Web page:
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South Side Bank & Trust Co. v. Walston & Co.

April 8, 1970


Fairchild and Cummings, Circuit Judges, and Morgan, District Judge.*fn1

Author: Cummings

CUMMINGS, Circuit Judge.

This case presents the question whether the South Side Bank & Trust Company and two individuals, Richard P. Larsen and Harold J. Green, are entitled to indemnity from Walston & Co., Inc., a brokerage firm.

The current controversy grew out of an action instituted by Frederick D. Wiss against the Bank, its president, Mr. Larsen, and its majority stockholder, Mr. Green, alleging that they had converted American Ship Building Company stock belonging to Wiss. The defendants in the principal action then filed a third-party complaint impleading Walston & Co., Inc., charging that firm with liability for concealing Wiss' proprietary interest in the stock. Pursuant to a settlement of the principal action, a $25,000 judgment was entered against the Bank and the two codefendants. The district court subsequently denied indemnity against Walston, and the third-party plaintiffs have appealed from that judgment.

The essential facts, as found by the district court, were that in April 1960, Wiss pledged 1,500 shares of Western Natural Gas common stock, with stock powers executed in blank, to secure a loan from M. Eli Livingstone. Livingstone then caused the stock certificates and stock powers to be placed in a safety deposit box at the Bank. Access to the box was confined to Larsen and Green.

In April 1961, Livingstone opened an account with Walston in Wiss' name. Through that account, Livingstone ordered 1,000 shares of American Ship stock and arranged for the sale of Wiss' 1,500 shares of Western Natural Gas. Wiss, who had not been consulted about these transactions, learned of them when he received the confirmation notices from Walston. Wiss objected strenuously but ratified the transactions after discussing the matter with Livingstone and Irwin Mitchell, a Walston branch manager. Nevertheless, in order to insure that the certificates would be held exclusively in his account, Wiss instructed Walston to issue the American Ship shares in his name.

On May 8, 1961, Walston delivered the American Ship shares to the Bank and in turn received Wiss' Western Natural Gas stock. Walston gave the Bank its check for $24,620.75 to cover the Western Natural Gas stock which it received from the Bank. Likewise, the Bank transferred to Walston a $22,290 cashier's check, showing Livingstone as the remitter, to cover the 1,000 shares of American Ship.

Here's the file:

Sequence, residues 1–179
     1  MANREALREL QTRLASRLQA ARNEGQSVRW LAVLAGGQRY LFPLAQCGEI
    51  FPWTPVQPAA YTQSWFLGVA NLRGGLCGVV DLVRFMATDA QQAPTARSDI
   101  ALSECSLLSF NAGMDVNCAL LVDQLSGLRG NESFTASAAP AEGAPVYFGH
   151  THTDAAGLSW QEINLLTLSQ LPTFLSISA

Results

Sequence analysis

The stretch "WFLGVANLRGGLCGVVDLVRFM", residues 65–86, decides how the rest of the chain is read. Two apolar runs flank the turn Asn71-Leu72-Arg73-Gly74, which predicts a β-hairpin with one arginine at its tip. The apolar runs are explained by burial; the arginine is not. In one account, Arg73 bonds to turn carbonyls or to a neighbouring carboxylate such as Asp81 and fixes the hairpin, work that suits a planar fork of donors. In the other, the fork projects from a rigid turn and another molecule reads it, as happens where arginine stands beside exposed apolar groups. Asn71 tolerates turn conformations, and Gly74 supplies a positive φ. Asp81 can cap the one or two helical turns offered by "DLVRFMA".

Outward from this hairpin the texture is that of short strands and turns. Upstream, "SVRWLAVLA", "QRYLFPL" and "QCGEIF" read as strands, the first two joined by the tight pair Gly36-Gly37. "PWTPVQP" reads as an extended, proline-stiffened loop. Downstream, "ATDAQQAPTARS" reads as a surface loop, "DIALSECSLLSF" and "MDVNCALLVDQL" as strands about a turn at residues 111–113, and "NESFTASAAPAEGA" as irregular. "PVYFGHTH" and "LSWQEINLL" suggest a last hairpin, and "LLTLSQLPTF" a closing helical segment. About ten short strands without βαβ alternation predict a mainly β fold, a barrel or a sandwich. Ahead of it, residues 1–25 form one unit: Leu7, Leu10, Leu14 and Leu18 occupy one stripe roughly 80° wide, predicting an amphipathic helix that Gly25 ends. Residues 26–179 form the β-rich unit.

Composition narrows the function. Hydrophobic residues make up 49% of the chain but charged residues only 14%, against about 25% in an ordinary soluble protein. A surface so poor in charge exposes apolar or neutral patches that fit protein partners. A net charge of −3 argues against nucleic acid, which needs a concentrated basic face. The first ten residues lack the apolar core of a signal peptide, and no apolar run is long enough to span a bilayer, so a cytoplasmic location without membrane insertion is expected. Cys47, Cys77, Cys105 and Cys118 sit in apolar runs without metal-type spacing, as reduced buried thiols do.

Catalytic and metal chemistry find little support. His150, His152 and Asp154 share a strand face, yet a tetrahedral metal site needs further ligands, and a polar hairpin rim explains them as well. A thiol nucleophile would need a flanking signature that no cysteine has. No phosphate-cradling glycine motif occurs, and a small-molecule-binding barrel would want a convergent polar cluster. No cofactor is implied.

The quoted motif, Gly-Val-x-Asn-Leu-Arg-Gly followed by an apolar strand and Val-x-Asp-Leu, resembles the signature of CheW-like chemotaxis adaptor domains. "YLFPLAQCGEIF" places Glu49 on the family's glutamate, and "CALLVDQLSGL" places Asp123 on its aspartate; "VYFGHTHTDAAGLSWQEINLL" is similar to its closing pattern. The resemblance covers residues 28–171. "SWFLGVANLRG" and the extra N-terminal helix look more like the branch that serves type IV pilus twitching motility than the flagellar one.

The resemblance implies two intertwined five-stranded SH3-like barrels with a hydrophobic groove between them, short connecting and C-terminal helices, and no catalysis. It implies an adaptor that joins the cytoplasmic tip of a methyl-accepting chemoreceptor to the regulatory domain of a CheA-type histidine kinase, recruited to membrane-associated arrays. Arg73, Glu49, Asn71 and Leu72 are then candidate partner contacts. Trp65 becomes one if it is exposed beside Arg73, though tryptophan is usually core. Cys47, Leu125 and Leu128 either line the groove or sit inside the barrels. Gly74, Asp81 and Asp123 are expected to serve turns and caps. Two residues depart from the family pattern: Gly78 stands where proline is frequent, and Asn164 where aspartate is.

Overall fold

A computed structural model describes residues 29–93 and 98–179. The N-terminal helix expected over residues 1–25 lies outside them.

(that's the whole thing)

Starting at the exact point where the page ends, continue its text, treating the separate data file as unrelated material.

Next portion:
When Walston delivered the American Ship shares to the Bank they were in negotiable form rather than in the name of Frederick Wiss, as instructed.*fn2 The Bank, however, received notice that the stock transactions involved shares which might belong to Wiss rather than Livingstone. Although payable to the Bank, Walston's check for the Western Natural Gas stock stated that it was "for acct: Frederick D. Weiss (sic)." Likewise, the Walston receipt covering the American Ship stock and signed by the Bank's vice president, Richard Aylward, was addressed "South Side Bk. & Tr. Co. for Acct: FREDERICK D. WESS (sic)." Finally, the Walston receipts obtained by the Bank for the Western Natural Gas stock and for its cashier's check for the American Ship stock showed they were received from South Side Bank & Trust Co. for the account of Frederick Weiss.*fn3

Because Wiss' name was on the Walston check and three receipts, the district court concluded that the Bank and its officials "had notice that Wiss might have an interest in the [1,000 American Ship] shares." The court ruled that by allowing Livingstone to sell or pledge the stock as his own, the Bank negligently converted this property, leading to the $25,000 settlement with Wiss.*fn4 The court finally concluded that the Bank and Walston were equally at fault, and therefore Illinois law barred the Bank and its officials from recovering in their indemnity action against Walston.